# The cohomology ring of an oriented closed $3$-manifold with $\pi_1=\mathbb Z$

Let $$M$$ be a closed, orientable, connected manifold of dimension $$3$$, such that $$\pi_1(M)=\mathbb Z$$. Find its cohomology ring $$H^*(M;\mathbb Z)$$.

Clearly $$H^0=H^3=\mathbb Z$$. Now since connected implies path connected on a manifold and we know $$H_1=\pi_1/[\pi_1,\pi_1]=\mathbb Z$$, and by Poincaré duality we have $$H^2=\mathbb Z$$. Since there is no torsion in $$H_0$$, then $$H^1(M)=\hom(H_1,\mathbb Z)=\mathbb Z$$. So the cohomology ring has one generator in each positive degree, let's call them $$\alpha\in H^1,\beta\in H^2,\gamma\in H^3$$. The only nontrivial relations to find are $$\alpha\cup\beta$$ and $$\alpha\cup\alpha$$.

By singularity of the cup product pairing $$H^1\times H^2\to \mathbb Z$$ with $$(\phi,\psi)\mapsto(\phi\cup\psi)[M]$$, and $$[M]$$ the fundamental class, we have that $$\alpha$$ is a generator if and only if $$\alpha\cup n\beta=\gamma$$ for some integer $$n$$. If it were true that $$\alpha\cup \alpha=\beta$$, then we could conclude that $$n=\pm1$$, but I don't know how to show (or not show) the latter.

You can finish easily using some basic algebraic properties of the cup product: namely, it is bilinear and graded commutative. I encourage you to see how you can finish on your own using these properties before reading the solution hidden below.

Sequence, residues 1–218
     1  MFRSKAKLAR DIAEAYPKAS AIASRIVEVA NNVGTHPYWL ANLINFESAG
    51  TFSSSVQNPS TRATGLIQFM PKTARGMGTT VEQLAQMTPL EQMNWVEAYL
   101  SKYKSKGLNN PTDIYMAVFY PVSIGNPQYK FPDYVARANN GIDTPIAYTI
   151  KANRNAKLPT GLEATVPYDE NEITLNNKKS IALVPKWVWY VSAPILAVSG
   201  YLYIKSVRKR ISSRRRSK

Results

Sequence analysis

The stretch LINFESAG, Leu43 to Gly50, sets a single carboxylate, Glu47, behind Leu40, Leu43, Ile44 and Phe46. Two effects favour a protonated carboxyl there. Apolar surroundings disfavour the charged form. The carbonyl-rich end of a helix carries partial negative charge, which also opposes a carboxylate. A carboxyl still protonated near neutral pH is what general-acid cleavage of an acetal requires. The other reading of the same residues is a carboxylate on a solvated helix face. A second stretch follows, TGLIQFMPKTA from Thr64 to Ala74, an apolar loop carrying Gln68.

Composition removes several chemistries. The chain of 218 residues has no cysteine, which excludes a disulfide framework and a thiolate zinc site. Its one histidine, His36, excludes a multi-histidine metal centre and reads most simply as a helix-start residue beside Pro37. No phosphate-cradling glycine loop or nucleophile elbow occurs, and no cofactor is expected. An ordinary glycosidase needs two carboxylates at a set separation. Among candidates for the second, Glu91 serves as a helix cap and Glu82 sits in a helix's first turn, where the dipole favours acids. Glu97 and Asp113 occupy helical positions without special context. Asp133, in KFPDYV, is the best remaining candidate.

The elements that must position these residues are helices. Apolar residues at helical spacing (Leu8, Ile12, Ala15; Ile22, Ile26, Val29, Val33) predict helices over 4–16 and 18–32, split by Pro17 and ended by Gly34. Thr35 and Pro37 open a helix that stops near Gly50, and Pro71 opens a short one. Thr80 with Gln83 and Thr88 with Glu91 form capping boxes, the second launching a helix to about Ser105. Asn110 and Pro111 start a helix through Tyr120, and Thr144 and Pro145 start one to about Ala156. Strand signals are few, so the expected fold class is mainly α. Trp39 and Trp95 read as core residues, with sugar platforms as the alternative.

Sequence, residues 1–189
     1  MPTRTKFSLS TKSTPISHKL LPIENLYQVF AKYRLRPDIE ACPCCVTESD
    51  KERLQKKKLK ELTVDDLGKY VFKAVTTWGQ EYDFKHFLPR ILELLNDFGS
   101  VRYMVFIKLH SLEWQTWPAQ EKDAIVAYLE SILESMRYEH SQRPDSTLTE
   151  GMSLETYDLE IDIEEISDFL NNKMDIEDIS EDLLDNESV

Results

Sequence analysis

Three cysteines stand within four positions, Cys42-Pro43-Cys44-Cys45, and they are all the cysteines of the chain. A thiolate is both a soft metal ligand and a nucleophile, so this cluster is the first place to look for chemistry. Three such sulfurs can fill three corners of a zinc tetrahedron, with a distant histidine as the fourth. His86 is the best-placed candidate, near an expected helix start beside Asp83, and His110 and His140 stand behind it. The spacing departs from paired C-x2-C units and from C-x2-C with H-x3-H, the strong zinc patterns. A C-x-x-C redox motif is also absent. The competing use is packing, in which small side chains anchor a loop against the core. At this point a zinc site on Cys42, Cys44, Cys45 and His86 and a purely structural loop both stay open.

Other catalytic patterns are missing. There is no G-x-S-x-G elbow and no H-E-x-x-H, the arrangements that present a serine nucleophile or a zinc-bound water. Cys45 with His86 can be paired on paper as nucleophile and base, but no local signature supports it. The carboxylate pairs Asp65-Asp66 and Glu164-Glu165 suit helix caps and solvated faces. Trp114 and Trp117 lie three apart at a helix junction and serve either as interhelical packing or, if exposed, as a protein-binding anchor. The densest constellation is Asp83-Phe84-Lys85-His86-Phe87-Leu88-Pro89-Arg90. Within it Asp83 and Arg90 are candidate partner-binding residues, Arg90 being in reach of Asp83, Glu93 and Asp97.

First, the cup product is bilinear, so $$\alpha\cup n\beta=n(\alpha\cup \beta)$$ and so if $$n$$ were not $$\pm1$$ then there would be no possible value of $$\alpha\cup\beta$$. Thus $$n=\pm1$$, and without loss of generality $$n=1$$ by changing your generators if necessary.

As for $$\alpha\cup\alpha$$, since $$\alpha$$ has degree $$1$$ and the cup product is graded-commutative, $$\alpha\cup\alpha=-\alpha\cup\alpha$$ which immediately implies $$\alpha\cup\alpha=0$$ since $$H^2$$ is torsion-free.

• Would you say then that the ring is $\mathbb Z[\alpha,\beta,\gamma] / (\alpha^2,\beta^2,\gamma^2,\alpha\beta-\gamma)$ – George May 6 at 23:29
• That's one way you can write it. – Eric Wofsey May 7 at 1:32

If you believe that there's a single answer (i.e., given only the information that's it's closed, orientable, connected, and $$\pi_1 = \Bbb Z$$, you can determine the cohomology ring structure uniquely), then you can use the old trick, and compute the answer using an assumption that can be valid. In particular, you can assume that $$M = S^1 \times S^2$$.

• This is a question in an exam paper, so one tends to assume that such an answer exists. Alternatively, it could be that the examiner has been deliberately cruel or has not found the answer themselves. – George May 6 at 23:03